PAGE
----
When the IRS categorizes a taxpayer "non-compliant," they include unfiled taxpayers, tax fraudsters, and tax evaders. Every non-compliance leads to punishment in the form of penalty and/or imprisonment. Tax evasion and tax fraud are serious crimes where convictions can result in imprisonment of up to five years and/or a fine of up to $100,000.
Even intentional falsification of information in a tax return where evidence proves that the taxpayer intended to evade taxes can lead to up to three years in prison and/or a fine of up to $100,000.
When a taxpayer is unfiled for several years, the punishment can include one year of imprisonment and/or a fine of up to $25,000 for each year unfiled.
Under-reporting of income is the most common kind of tax fraud. A government study shows that the self-employed, including clothing store owners, restaurateurs, telemarketers, car dealers, accountants, doctors, and salespeople commonly under-report their income.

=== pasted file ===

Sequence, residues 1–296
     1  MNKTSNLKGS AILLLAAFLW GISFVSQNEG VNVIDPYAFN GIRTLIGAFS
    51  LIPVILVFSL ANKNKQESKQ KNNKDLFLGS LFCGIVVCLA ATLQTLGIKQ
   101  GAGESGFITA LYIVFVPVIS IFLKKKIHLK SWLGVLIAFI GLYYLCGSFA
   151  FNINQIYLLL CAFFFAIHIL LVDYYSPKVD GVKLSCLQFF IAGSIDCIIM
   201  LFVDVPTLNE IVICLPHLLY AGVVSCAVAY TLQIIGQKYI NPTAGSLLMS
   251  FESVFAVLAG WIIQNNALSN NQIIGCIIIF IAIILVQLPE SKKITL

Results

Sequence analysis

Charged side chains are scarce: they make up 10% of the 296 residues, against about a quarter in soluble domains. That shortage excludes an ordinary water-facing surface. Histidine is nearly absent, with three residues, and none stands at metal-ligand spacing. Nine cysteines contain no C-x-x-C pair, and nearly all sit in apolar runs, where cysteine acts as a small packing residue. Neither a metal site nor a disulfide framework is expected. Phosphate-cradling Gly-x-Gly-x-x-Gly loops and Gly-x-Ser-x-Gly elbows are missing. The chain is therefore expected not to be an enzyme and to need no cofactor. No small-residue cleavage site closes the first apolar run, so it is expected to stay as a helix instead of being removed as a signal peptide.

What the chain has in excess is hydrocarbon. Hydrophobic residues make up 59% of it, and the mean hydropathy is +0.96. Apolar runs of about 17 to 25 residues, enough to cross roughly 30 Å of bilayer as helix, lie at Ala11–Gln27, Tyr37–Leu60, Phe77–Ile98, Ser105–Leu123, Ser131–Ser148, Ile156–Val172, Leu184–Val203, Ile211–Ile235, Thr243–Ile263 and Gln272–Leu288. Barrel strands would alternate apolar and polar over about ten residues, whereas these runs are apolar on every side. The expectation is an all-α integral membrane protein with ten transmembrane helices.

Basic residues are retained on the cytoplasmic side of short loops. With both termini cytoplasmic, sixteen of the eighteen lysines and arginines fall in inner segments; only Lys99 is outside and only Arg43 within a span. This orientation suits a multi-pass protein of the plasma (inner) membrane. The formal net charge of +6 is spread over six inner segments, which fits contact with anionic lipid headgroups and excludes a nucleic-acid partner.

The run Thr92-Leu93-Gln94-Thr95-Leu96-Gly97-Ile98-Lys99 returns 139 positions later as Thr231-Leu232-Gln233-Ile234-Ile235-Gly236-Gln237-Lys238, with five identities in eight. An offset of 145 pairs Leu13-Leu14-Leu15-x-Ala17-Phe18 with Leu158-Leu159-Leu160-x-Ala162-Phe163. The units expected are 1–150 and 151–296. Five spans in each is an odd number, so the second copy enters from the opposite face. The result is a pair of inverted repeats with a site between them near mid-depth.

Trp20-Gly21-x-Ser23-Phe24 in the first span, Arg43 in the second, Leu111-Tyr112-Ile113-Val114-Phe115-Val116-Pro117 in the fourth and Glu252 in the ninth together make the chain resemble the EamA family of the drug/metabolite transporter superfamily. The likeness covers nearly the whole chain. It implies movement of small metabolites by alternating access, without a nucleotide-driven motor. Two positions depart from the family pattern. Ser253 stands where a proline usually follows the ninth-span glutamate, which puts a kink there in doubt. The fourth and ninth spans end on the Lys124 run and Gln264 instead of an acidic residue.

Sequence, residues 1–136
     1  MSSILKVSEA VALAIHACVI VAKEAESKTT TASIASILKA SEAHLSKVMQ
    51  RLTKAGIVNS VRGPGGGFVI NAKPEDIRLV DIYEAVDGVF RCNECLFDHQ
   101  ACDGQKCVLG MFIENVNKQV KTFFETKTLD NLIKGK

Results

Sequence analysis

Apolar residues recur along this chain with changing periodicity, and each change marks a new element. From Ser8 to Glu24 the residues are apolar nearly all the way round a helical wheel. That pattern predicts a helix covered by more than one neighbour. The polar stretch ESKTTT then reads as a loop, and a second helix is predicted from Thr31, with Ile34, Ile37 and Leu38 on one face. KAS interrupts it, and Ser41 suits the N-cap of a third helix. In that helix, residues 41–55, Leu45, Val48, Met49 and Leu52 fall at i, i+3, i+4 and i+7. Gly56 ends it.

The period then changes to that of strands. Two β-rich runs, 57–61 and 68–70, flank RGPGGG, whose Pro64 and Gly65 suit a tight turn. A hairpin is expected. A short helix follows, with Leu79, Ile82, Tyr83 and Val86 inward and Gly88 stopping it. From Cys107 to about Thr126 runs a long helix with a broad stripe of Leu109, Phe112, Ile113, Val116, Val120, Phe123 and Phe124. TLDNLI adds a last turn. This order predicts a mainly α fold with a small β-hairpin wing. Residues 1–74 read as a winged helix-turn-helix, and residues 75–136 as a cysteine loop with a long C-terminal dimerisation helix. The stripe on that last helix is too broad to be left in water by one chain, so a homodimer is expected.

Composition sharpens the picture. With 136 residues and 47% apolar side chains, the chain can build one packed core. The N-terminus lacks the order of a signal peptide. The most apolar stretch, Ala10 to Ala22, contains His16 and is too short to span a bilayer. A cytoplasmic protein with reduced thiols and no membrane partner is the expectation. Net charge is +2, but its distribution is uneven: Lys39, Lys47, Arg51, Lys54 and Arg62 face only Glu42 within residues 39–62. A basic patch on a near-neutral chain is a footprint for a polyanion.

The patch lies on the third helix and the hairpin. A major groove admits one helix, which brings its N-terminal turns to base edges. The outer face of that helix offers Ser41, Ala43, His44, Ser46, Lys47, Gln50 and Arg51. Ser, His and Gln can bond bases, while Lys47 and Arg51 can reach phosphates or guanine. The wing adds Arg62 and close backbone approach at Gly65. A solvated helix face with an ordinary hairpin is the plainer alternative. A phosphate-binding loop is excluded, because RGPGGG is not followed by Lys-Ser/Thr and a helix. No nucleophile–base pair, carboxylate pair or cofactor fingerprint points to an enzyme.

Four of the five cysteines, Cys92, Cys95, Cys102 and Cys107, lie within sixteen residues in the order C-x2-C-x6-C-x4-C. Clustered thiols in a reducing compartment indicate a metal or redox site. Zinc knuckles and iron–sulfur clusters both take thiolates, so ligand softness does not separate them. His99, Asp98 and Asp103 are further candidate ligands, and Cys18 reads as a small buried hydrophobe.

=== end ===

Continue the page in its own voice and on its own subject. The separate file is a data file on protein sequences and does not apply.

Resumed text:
Fraudulent tax returns or inaccuracies in a tax return, if detected by an auditor, can also lead to a criminal investigation. The IRS’ Criminal Investigation (CI) division undertakes the job.
Many times taxpayers make errors on their return unintentionally. Careless mistakes on a tax return can attract a penalty of 20 percent of the tax bill. The IRS will determine whether an error in tax reporting is intentional or not. In case of intentional inaccuracies that lead to an underpayment of taxes, the civil penalty can go up to as much as 75 percent. The IRS also considers how much taxes a taxpayer owes. If the tax amount is negligible, taxpayers can get away with light penalties.
Tax fraud is a crime that can get taxpayers into trouble once it is discovered. Still, for many the temptation of easy money is just too much until they receive punishment and realize that it is not worth it.
Labels: IRS, Tax Filing, Tax News, Tax Scams, Taxpayers